Little by little I’m getting things set up to function, though there’s still much to be done before I get to that point. Although I didn’t get all the way through the boxes of books, I made room in the garage for a work table. Now I just need a chair and I’ll go sit in there instead of at the computer! That will lead to more getting done in projects department.
In addition to getting my machines to functional status, I’m obtaining the supplies needed to start print jobs.
The main things needed for stencil duplicating are (at the most basic) stencils, ink, a method of paper registration (alignment) and ink delivery, and paper. In my case, which is a few steps beyond the most basic mimeography, my method to assure paper registration and ink delivery includes actual mimeograph machines (truly traditional is similar to screenprinting, with a framed screen/print-making apparatus – see the image below, or Tomoko Kanzaki’s work).
Traditional mimeograph stencils are not currently available to any large degree, so I’m following the “stopgap” method. I call it a stopgap because it’s an option that I suspect is only available to us now* because we have easy access to electricity on demand, digital capabilities, and manufactured products from overseas. This method of duplication requires these supplies: a thermal-stencil printer, thermal-stencil paper, Risograph ink (or equivalent), and copy paper.
One tool being used among mimeograph enthusiasts is the tattoo-stencil printer.
These things seem to be quite common (there are many on ebay right now).
The high-end option is to use a Risograph machine for its master-making capacity only. Risographs are expensive. and it’s likely that if you already have a Riso, you’re probably not going the old-school mimeograph route (unless your Riso’s print function is broken).
The route I’ve decided to take is to use a quality fax machine (one that prints on thermal paper rather than regular copy paper), using Riso thermal paper (aka master). My reasoning is twofold, one aspect of which is founded on hearsay, but on relatively good authority (experienced mimeo folk in the mimeograph facebook groups): Riso masters make higher resolution stencils than tattoo-stencil paper. The other reason I’m trying the fax-machine route, though, is because I was able to find a machine that can work with three paper sizes (A4, which is 8.27″ wide; US letter and legal size, which is 8.5″ wide; and B4, which is 10.5″ wide) and that was still-in-the-box new (it’s been waiting for its chance to shine since ~1988) for the same price as the tattoo-stencil printers (though without the benefit of free shipping from China -eyeroll-).
Riso master rolls only come in A4 and B4 sizes. A4 is the standard paper size in most of the world and at 8.27 inches wide, it’s narrower than US paper. Given the need for margins on most documents, A4 will likely be wide enough for most of my print jobs. B4 paper (on which to print) is nowhere to be found here, so I’m unlikely to need B4 stencils in general, but if I were to ever get a Gestetner duplicator, that’s the size of stencil I’d want to use. I figured it would be a good idea to plan for the possibility of someday working with a Gestetner, thus my decision took this into account. Alternatively, since B4 is 10.5 inches wide, I might actually use less of the Riso master if I use a B4 roll and print my stencils sideways (trimming off the top and bottom margins of my original as necessary), particularly for my not-quite-letter-size projects. That’ll require some experimentation as there needs to be a little bit of extra length to attach the header.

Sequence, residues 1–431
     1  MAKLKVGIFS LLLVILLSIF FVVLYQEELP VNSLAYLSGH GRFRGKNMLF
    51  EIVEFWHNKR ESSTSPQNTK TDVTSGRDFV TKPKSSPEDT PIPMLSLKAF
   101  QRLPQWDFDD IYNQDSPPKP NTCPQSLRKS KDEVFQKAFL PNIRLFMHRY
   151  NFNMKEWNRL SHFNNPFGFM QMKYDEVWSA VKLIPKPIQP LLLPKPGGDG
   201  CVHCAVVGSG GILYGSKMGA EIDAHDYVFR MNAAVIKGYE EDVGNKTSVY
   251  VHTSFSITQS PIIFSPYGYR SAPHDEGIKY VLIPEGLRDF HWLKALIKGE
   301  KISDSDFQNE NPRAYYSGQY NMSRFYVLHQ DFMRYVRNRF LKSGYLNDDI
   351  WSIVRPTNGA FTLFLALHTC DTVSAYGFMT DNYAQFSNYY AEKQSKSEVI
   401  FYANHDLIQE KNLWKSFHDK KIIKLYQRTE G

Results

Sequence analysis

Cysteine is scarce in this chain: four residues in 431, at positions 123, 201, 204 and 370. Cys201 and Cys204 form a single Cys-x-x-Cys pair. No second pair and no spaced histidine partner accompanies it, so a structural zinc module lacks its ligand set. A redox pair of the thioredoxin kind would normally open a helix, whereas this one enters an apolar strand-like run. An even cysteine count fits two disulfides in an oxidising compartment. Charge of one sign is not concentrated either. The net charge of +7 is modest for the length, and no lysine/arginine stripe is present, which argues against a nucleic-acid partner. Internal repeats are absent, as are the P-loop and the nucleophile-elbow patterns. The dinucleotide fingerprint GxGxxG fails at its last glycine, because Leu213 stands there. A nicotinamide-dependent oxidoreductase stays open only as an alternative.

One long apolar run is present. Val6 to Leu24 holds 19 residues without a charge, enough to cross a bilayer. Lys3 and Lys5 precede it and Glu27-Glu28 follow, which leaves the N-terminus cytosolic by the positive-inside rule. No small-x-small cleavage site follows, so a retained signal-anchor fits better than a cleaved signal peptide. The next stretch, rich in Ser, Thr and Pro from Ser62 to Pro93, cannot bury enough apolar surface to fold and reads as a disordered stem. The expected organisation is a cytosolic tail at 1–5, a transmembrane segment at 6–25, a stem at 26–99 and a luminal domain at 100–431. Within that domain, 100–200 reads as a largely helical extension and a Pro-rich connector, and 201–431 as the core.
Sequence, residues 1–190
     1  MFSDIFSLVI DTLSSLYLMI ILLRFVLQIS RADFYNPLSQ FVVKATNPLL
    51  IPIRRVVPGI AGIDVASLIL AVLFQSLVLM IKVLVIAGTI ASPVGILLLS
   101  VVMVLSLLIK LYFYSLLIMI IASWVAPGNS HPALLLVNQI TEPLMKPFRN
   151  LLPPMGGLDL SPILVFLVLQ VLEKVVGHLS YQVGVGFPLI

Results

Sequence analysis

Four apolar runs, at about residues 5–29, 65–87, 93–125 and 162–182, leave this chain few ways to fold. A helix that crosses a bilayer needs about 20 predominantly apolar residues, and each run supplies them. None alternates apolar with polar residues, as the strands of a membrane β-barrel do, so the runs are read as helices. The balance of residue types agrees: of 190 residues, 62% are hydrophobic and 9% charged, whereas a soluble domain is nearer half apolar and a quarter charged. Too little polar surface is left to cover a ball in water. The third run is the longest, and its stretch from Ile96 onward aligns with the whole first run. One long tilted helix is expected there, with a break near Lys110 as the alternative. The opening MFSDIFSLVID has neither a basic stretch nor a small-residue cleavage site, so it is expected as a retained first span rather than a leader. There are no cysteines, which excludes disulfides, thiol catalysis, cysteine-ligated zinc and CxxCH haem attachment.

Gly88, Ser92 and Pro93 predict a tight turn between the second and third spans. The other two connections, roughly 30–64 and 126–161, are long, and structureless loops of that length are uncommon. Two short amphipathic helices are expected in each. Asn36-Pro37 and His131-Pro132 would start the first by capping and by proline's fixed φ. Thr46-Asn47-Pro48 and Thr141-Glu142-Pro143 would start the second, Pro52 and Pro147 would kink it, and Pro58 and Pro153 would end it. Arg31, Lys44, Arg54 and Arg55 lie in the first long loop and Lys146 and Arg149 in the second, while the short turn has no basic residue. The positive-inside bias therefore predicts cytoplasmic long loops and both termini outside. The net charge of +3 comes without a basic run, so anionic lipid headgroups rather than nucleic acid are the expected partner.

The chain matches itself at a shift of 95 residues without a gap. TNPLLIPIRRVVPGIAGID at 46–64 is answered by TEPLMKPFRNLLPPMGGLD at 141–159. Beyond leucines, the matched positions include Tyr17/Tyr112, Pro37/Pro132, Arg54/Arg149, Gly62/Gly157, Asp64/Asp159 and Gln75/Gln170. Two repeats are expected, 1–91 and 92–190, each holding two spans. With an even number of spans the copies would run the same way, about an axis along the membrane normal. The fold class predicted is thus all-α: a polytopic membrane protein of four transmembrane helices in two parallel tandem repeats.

It really doesn’t matter which way I print my stencils on the thermal paper relative to the way the roll unwinds – I’ll be cutting them from the roll and attaching each stencil to a header that fits my mimeograph. This header, made of heavier paper or light cardstock, will have the holes required to secure the stencil to the machine, and will give me a place to record what the stencil is.
The photo above shows a blank stencil ready for printing in a thermal printer. This one is a “Kelsom stencil.” As I don’t have a Riso master to compare it to yet, I can’t report on that; however here’s what Kelsom-stencil paper looks like.
It’s a very thin, nearly transparent, sheet of nonwoven fibers bearing a resemblance to a very light washi paper. The reverse side is coated with plastic and appears glossy.
When I get the Riso master roll, I’ll compare the two stencil types in a separate post, and in part two of this series, I’ll be talking about either paper or ink.
*By “available to us now” I mean during the next 20-50 years. I may be idealistic here, though some will accuse me of being pessimistic.
6 replies on “Supplies for the Home Setup – Part 1”
Thanks for sharing a close-up photos of the thermal stencils – this gives ma a better idea what to look for. I might need to pick up a roll for experiments.